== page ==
Whenever Christians are engaged in difficult discernment decisions there is always the risk for error. We are always going to make discernment mistakes, misjudging the will of God. It’s just a fact of life.
For example, maybe extending the sacrament of marriage to gay couples will prove to be a mistake. But my church allows women to teach adult Sunday School classes and lead communion thoughts (mere baby steps on the road toward egalitarianism). Maybe we’re wrong about allowing women to do these things. Maybe women should “remain silent” as they are in most of our churches. More, some churches suppress charismatic displays like speaking in tongues. But maybe these churches are wrong in this and are grieving the Holy Spirit. Some churches baptize infants. And maybe they are wrong about that.
Or maybe right.
The point is, everybody is likely to be wrong about something. Unfortunately, we don’t know what these errors are. And since people tend to be stupid and pigheaded (with me as chief of sinners) there is little chance that we’ll sort all this out before we’re dead.
So here is where one’s view of God comes into play. Given the ubiquity of error how do we think God is going to respond to our mistakes? With wrath and hellfire? Or with grace, good humor and understanding?
In my last post I floated an idea about discerning the holiness of same-sex marriages. Here’s what that experiment would look like:
A local church finds within her members a group of people who feel called by the Holy Spirit to extend the sacrament of marriage to the same-sex couples within their midst. The leaders of the church, understandably, are unsure about this (think Acts 15) so they lay hands upon the “Paul and Barnabas” of this effort to start a satellite church that would welcome same-sex marriages.
Importantly, this new church isn’t a “gay church.” It’s simply a church that welcomes both traditional and same-sex marriages, treating them identically. The same pre-marital counseling, the same young married classes, the same young family classes, the same marriage counseling if the marriage struggles. Same everything. Marriages, families, and single people all in community together.
After many years the sponsoring church feels that it is time to step in to make some discernment decisions. It’s the equivalent of Paul and Barnabas coming back from years of ministry amongst the Gentiles to testify to the Jewish Christians about how the Holy Spirit has been active in their ministry. Many stories will be told. Many testimonies given. A great deal of prayer. And, ultimately, the sponsoring church will have to decide if they will extend the right hand of fellowship.
Let’s say they do extend fellowship and grant the sacrament of marriage to same-sex couples. And let's also assume that they are wrong in doing this, that God disapproves of their actions. What is God going to say to these church leaders on Judgment Day? In the voice of God, here’s my best guess:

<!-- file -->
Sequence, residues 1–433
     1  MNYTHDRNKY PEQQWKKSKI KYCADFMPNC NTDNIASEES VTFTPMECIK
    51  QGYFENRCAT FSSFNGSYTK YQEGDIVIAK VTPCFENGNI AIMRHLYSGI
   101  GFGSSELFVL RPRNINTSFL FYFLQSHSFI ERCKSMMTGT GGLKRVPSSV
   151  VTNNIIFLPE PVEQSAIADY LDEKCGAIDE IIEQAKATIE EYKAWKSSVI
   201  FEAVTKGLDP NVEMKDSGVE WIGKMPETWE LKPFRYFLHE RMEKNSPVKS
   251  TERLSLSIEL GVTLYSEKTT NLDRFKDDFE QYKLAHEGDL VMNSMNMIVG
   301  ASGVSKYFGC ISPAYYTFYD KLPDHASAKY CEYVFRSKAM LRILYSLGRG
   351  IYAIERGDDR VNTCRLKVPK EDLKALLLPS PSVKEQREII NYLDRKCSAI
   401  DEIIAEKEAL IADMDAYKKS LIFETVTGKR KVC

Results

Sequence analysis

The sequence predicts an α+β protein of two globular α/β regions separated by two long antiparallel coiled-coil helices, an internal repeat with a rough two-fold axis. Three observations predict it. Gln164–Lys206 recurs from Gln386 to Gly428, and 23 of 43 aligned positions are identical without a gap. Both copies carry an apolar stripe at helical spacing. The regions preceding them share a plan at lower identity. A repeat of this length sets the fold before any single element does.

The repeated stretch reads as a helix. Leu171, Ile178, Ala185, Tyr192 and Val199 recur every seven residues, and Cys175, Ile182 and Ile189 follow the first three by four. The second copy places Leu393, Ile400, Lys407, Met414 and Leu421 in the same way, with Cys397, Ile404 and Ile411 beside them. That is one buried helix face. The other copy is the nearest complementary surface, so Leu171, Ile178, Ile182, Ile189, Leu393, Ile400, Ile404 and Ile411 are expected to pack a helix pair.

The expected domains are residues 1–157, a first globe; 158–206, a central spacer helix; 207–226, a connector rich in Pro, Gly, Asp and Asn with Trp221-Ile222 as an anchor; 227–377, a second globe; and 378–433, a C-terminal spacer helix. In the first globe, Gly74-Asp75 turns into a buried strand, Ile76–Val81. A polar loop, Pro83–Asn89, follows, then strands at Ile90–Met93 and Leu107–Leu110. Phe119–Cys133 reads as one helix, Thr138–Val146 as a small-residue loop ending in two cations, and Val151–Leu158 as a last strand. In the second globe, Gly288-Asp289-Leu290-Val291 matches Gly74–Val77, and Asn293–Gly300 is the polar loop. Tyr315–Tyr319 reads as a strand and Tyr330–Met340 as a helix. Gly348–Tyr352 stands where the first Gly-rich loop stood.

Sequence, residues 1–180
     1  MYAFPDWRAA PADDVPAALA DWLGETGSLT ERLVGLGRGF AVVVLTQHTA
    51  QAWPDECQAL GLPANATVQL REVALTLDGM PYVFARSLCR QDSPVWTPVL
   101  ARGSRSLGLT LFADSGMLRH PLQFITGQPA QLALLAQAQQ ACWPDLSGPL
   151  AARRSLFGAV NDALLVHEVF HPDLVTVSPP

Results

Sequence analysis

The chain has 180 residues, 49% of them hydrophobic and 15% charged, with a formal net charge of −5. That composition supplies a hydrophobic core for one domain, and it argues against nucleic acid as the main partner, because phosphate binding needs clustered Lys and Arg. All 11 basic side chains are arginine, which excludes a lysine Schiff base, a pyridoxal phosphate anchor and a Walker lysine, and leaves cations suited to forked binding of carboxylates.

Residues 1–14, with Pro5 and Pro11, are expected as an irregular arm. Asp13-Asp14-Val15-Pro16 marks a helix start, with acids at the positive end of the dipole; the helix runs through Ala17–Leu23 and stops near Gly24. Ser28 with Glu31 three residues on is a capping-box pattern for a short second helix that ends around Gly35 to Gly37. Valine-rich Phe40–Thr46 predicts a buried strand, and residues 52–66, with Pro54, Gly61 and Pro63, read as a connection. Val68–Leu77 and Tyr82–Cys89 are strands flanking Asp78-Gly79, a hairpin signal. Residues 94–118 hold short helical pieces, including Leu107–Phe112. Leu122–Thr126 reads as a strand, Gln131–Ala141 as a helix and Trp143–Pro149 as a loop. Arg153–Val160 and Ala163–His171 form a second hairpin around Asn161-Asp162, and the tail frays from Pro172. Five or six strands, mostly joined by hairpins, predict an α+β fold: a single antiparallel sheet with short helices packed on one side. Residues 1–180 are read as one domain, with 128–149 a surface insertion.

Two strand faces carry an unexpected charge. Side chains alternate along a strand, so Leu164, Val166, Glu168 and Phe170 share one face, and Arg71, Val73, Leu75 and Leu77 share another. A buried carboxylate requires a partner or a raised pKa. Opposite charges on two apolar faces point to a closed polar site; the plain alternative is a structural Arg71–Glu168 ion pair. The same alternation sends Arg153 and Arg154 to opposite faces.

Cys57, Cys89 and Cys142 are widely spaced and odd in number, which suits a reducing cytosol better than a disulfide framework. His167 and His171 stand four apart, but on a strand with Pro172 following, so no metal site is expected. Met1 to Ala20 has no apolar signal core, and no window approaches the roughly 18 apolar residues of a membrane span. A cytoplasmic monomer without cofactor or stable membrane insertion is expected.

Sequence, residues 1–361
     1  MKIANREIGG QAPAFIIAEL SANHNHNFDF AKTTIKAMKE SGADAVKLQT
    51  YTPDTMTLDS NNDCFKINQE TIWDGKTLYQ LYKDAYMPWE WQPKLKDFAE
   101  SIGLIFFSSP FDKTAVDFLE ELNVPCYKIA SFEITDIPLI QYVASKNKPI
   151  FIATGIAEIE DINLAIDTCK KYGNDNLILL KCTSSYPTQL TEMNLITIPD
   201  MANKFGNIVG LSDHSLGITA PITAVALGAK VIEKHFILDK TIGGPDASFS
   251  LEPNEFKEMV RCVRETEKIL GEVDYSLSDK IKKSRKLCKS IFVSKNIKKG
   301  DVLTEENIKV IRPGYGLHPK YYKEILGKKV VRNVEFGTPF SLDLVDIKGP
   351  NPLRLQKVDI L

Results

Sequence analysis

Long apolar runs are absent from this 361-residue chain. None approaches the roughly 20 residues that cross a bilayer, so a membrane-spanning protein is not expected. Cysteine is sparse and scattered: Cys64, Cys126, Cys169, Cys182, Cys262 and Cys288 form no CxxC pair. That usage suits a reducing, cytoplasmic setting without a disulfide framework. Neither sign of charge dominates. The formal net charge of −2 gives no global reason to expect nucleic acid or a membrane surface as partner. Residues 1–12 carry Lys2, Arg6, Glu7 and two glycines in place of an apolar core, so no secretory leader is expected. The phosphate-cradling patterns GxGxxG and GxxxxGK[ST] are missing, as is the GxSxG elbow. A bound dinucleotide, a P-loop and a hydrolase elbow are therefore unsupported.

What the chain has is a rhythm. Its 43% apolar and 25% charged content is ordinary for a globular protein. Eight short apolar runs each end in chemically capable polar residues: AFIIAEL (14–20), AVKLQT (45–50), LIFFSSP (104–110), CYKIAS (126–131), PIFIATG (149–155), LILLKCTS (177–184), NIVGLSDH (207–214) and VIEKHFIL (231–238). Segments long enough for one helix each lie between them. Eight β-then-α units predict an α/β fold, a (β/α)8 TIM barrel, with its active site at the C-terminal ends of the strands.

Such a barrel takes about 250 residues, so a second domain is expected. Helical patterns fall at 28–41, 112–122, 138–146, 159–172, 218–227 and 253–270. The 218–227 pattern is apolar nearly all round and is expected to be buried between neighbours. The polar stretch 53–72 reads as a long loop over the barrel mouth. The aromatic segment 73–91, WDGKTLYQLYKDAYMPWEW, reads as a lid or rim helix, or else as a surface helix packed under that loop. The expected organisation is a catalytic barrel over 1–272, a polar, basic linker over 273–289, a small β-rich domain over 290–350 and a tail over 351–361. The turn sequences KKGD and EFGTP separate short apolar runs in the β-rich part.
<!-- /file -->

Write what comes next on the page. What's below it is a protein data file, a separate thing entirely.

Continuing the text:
First off, dear children, know that I love you. And although you disappointed me greatly at times your heart was in the right place. You are good people. And that’s what matters most.
But you did get it wrong by sponsoring that church. My plan, and I thought this was quite clear, was only for men and women to marry. I consider homosexuality to be a sin. So I’m very disappointed in you.
However, let me commend you in this:
First, I can understand how you could have talked yourself into these actions. You were trying to be like Jesus and love people extravagantly and recklessly. You were, you now know, a little too reckless. But I can’t fault you too much for loving so extravagantly. You were just trying to follow my example. In the end, if you had to make a mistake loving too much is the best mistake to make.
Second, we both know that the Bible is no easy book. I am aware that the Bible isn’t totally transparent. The Old Testament has some strange stuff in it and it doesn’t always seem to jibe with the New. Plus, you were living in 2010 and your distance from the bible made it even harder on you. It was difficult, I know, for you to sort ancient cultural mores and prejudices from the timeless truths. In short, it was a tough task, getting tougher every year, and you did the best you could.
Third, I appreciate you trying so hard to repair the damage of hate coming from people who call themselves “Christians.” Like those people who carry “God hates fags” signs. To be clear, I’m angry at you, but my wrath is full to overflowing when it comes to those people. So I can understand your great desire to “make up” for their hate and bile. But it wasn’t your job to fix that mess and you went too far. However, I’m touched that you tried to protect my reputation. You overreached, but your hearts were pure.
Fourth, although I consider same-sex marriages to be a sin, I appreciate how much good you did in these relationships. By preaching agape and fidelity you placed covenant at the center of your witness regarding marriage. And although I was not pleased with these marriages there was true love in them, deep sacrificial love. And this love was a real participation in my love, however fallen it might have been. By preaching fidelity in a world of promiscuity and failed promises you did great good and prevented much evil and harm.
All in all, I know your heart was in the right place. You tried to love people. And you did your best.
I’d give you a C minus.
But grades don’t matter here.
Welcome home, my good and faithful servant!